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Publication numberUS5019484 A
Publication typeGrant
Application numberUS 07/285,937
Publication dateMay 28, 1991
Filing dateDec 19, 1988
Priority dateDec 18, 1987
Fee statusLapsed
Also published asDE3842781A1
Publication number07285937, 285937, US 5019484 A, US 5019484A, US-A-5019484, US5019484 A, US5019484A
InventorsHitoshi Shimaoka, Shigera Mizuo, Akira Akashi, Miyuki Hosoi
Original AssigneeKonica Corporation
Export CitationBiBTeX, EndNote, RefMan
External Links: USPTO, USPTO Assignment, Espacenet
Method and apparatus for forming color proof
US 5019484 A
Abstract
A color proof formation method includes the steps of bringing a first color separated film original mounted upon an original mounting table into tight contact with a photosensitive material fixed upon a mounting table, and exposing the film original; separating the photosensitive material mounting table from the original mounting table; replacing or exchanging the first film original upon the original mounting table with a second color separated film original; and bringing the second film original into tight contact with the photosensitive material. The steps are repeatedly performed a predetermined number of times so as to form a color proof. There is also disclosed a color proof formation apparatus including a suction unit for forming a suction groove, for bringing the film original and the photosensitive material into tight engagement with each orther, between the film original mounting table and the photosensitive material mounting table while the film original mounting table and the photosensitive material mounting table are close to or in contact with each so that the film original and the photosensitive material are brought into surface contact with each other, and for evacuating the air interposed between the film original and the photosensitive material so that the film original and the photosensitive material are in fact brought into tight contact with each other.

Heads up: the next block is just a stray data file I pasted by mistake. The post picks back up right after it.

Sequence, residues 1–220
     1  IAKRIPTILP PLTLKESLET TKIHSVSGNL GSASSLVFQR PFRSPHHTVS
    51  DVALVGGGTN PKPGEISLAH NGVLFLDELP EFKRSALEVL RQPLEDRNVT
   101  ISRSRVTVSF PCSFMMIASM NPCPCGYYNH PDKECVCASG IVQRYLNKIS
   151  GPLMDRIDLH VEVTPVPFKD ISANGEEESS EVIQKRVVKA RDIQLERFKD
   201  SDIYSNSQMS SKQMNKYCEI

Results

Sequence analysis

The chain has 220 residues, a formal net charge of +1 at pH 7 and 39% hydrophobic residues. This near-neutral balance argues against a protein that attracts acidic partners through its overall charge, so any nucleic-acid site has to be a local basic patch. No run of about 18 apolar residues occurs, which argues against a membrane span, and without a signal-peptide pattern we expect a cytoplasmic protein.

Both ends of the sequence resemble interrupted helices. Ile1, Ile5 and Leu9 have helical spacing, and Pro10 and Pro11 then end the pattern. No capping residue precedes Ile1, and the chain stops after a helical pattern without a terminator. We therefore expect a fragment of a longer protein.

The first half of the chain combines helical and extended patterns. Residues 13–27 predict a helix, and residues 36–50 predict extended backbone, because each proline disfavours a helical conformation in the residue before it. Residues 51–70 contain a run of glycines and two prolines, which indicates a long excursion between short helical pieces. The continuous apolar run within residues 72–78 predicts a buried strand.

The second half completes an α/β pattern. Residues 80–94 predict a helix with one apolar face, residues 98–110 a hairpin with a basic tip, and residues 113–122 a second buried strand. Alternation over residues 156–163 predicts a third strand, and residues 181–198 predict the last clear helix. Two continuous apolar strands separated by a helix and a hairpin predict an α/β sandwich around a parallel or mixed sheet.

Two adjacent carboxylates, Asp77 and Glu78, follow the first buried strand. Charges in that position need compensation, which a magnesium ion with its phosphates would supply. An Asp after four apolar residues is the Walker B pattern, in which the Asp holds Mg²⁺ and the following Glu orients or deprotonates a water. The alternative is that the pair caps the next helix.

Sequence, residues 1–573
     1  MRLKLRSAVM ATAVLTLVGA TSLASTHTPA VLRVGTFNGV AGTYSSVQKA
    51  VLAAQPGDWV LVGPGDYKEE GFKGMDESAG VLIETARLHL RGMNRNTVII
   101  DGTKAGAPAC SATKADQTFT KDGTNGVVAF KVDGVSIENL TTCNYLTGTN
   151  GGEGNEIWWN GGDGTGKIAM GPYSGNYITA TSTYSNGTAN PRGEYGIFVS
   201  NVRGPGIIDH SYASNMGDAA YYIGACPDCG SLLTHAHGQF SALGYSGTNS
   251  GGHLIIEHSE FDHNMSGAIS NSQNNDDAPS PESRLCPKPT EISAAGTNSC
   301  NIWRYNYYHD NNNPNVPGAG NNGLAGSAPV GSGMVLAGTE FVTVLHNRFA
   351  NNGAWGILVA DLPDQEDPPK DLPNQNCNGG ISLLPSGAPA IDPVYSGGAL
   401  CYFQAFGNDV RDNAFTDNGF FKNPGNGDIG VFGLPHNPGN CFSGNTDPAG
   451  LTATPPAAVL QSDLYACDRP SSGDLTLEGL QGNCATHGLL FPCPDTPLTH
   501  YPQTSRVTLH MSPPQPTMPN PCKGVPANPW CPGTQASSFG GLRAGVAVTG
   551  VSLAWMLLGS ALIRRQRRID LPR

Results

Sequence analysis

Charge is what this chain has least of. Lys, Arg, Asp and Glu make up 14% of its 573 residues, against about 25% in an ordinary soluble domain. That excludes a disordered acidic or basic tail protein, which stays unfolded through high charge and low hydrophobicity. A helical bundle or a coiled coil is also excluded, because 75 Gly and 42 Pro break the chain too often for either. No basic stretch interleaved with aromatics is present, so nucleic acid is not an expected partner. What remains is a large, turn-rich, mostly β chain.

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Claims(5)
What is claimed is:
1. A color proof formation method, comprising the steps of:
placing a first original film at a predetermined position upon an original mounting table;
fixing a color photosensitive material at a predetermined position upon a color photosensitive material mounting table, which is separate from, disposed beneath, and independently movable with respect to said original mounting table in a vertical mode between an upper position and a lower position, when said color photosensitive material mounting table is disposed at said lower position such that said color photosensitive material is substantially vertically aligned with said first original film disposed upon said original mounting table;
elevating said color photosensitive material mounting table from said lower position to said upper position such that said color photosensitive material fixed upon said color photosensitive material mounting table is disposed in tight contact with said first original film disposed upon said original mounting table;
exposing said color photosensitive material through said first original film by means of a light source;
lowering said color photosensitive material mounting table from said upper position to said lower position so as to separate said color photosensitive material mounting table, with said color photosensitive material fixed thereon, from said original mounting table with said first original film disposed thereon;
replacing said first original film disposed upon said original table with a second original film while said color photosensitive material is retained at said predetermined position upon said color photosensitive material mounting table; and
repeating said steps of elevating said color photosensitive material mounting table, exposing said color photosensitive material, lowering said color photosensitive material mounting table, and replacing a predetermined original film with a successive original film a predetermined number of times so as to form a color proof.
2. A method according to claim 1, wherein the photosensitive material and the film original are brought into tight contact with each other by suction.
3. A method according to claim 1, wherein:
a halftone original is inserted between one of said original films and said color photosensitive material during exposure.
4. A method according to claim 1, wherein when said mounting table and said original table are separated from each other, a light-shielding member shields the photosensitive material from light.
5. A method according to claim 1, wherein:
one of said original films is covered by means of a transparent material during exposure.
Description
FIELD OF THE INVENTION

The present invention relates to color proof formation apparatus within which halftone film originals, each having a separate color, are accurately placed at a predetermined position, and an overlapping exposure technique is performed upon a positive or negative photosensitive material a predetermined number of times, once for each original, thereby forming a copy which approximates originally printed material, or within which the separate halftone film originals undergo overlapping exposure techniques with respect to a photosensitive material, or wherein the separate halftone film originals are layered or disposed in a tiered array so as to be multiply-exposed upon the photosensitive material.